I had a long flight home after my first trip to Boston. The day before, the wife and I had walked the Freedom Trail, culminating at a stop at the Bunker Hill monument and museum. This first great battle of the American Revolution (not to discount the efforts at Lexington and Concord) set the tone for the Revolution. After this, there would be no going back, nowhere to go but forward in the fight against Great Britain. This book details briefly the events in Boston 1775 leading up to the battle and then the battle itself. The major players are brought to the forefront and the reader is left with a clear understanding of how the battle unfolded and the remarkable efforts of the rebels to build and then defend the redoubt just hours later. For those looking for more information on this pyrrhic British victory, look no further.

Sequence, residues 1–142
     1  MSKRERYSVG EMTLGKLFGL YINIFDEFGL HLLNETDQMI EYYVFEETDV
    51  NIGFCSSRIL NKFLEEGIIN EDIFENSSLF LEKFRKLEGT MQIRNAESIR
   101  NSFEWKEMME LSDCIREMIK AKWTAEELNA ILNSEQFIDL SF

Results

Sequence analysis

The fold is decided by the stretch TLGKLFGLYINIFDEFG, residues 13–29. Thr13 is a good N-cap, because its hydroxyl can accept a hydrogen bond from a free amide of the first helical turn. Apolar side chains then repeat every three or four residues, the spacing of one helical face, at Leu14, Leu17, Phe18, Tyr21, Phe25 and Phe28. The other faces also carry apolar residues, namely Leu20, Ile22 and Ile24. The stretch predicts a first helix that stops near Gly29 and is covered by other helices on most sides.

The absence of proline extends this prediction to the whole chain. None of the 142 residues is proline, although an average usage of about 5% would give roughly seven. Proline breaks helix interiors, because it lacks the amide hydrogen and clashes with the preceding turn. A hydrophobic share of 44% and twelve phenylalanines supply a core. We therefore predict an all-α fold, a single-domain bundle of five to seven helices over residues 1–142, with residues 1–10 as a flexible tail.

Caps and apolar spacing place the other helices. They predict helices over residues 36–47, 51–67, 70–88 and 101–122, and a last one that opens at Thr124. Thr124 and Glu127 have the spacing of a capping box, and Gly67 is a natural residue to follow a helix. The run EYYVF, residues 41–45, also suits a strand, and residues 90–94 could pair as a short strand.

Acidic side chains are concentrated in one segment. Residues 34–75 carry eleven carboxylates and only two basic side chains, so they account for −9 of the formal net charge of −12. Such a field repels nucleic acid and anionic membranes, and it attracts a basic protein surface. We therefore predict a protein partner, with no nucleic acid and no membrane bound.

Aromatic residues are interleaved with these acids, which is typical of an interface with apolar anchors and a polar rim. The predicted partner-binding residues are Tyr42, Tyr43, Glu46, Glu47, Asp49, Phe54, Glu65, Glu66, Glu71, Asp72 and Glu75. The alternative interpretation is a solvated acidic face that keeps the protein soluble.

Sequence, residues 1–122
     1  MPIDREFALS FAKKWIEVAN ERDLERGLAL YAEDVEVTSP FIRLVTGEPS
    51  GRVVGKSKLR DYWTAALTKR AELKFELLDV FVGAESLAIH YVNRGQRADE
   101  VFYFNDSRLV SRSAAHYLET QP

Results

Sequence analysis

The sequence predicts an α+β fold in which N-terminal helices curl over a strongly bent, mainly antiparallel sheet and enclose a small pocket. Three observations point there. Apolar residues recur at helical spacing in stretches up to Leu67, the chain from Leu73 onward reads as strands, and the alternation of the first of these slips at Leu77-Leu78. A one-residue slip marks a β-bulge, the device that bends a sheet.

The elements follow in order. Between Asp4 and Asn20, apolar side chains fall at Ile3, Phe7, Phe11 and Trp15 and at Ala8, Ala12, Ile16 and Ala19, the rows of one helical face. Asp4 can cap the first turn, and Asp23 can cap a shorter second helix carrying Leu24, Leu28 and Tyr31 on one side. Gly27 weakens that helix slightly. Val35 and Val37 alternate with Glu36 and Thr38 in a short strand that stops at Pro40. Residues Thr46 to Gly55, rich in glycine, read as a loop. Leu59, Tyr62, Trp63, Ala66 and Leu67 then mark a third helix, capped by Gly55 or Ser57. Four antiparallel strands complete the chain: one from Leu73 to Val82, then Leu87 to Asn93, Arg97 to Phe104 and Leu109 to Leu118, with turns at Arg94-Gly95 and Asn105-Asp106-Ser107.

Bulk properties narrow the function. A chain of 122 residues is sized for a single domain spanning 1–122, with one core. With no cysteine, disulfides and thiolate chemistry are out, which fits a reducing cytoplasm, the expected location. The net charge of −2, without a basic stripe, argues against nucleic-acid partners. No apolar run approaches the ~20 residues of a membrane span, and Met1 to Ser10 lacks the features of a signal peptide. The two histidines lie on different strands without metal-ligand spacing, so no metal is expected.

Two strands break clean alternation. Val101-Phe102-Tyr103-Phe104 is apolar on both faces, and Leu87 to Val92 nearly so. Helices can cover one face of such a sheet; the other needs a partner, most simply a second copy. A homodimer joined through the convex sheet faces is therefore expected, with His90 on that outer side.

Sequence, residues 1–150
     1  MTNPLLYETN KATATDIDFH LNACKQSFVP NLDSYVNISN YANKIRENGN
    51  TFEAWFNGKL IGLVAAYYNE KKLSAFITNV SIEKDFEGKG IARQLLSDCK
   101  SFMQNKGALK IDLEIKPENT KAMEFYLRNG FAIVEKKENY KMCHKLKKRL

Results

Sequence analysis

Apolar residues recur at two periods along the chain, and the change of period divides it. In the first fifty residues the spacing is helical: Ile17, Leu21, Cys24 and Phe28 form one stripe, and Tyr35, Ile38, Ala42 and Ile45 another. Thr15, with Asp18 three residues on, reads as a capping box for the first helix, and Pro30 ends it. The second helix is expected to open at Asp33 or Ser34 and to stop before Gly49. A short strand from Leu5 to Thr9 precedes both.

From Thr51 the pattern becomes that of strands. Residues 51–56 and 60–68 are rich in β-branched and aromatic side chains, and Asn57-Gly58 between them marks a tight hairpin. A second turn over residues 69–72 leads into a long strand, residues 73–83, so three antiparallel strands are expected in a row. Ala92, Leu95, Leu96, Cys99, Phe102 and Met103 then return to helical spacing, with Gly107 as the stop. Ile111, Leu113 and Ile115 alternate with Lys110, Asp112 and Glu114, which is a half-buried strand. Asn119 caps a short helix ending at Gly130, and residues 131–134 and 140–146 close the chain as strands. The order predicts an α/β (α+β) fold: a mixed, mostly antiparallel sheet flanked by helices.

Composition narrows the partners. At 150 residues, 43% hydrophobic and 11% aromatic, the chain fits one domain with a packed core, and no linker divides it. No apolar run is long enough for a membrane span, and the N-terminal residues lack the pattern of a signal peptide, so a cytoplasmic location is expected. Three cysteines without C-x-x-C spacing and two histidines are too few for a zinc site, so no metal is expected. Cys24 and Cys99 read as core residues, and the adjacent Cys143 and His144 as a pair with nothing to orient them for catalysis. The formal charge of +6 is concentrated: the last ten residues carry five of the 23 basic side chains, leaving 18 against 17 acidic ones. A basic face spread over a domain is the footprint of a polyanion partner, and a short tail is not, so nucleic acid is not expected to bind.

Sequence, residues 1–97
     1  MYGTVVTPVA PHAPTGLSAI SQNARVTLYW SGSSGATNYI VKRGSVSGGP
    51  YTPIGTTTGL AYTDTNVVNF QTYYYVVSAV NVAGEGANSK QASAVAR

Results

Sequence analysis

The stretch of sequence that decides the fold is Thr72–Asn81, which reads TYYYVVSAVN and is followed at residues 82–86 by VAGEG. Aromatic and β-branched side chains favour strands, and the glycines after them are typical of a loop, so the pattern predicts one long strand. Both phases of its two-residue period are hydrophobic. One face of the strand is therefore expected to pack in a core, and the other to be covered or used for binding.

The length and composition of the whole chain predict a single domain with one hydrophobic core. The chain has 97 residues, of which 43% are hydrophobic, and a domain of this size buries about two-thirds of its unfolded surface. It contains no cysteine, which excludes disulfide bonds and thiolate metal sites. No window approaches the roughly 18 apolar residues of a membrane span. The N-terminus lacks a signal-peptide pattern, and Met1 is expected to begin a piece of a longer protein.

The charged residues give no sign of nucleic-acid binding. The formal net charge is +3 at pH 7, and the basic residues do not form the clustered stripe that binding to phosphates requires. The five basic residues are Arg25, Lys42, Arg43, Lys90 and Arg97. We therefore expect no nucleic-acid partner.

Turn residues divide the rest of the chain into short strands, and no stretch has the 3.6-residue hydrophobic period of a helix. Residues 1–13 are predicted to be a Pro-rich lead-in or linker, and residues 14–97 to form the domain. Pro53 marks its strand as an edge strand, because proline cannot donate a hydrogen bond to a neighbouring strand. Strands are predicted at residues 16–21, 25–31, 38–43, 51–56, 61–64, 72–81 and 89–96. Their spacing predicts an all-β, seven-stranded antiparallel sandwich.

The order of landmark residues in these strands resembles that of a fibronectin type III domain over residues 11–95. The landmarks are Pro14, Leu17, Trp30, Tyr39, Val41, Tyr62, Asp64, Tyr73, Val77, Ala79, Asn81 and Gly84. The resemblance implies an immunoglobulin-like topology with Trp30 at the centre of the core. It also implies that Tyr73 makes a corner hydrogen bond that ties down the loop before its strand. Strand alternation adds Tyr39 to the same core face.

Anonymous More than 1 year ago
This is one of the best books on Bunker Hill I've ever read.  I details the story of the American army nearly from conception.  The majority of Paul Lockhart's sources come from correspondence.  It is a must-have for any person interested in the American War of Independence.  
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jccMA More than 1 year ago
One of the best history books I've read and I've read alot,was very worth the 15 dollars.
Anonymous More than 1 year ago
Starlightshimmer is locked out!!!
Anonymous More than 1 year ago
We are moving main camp to result two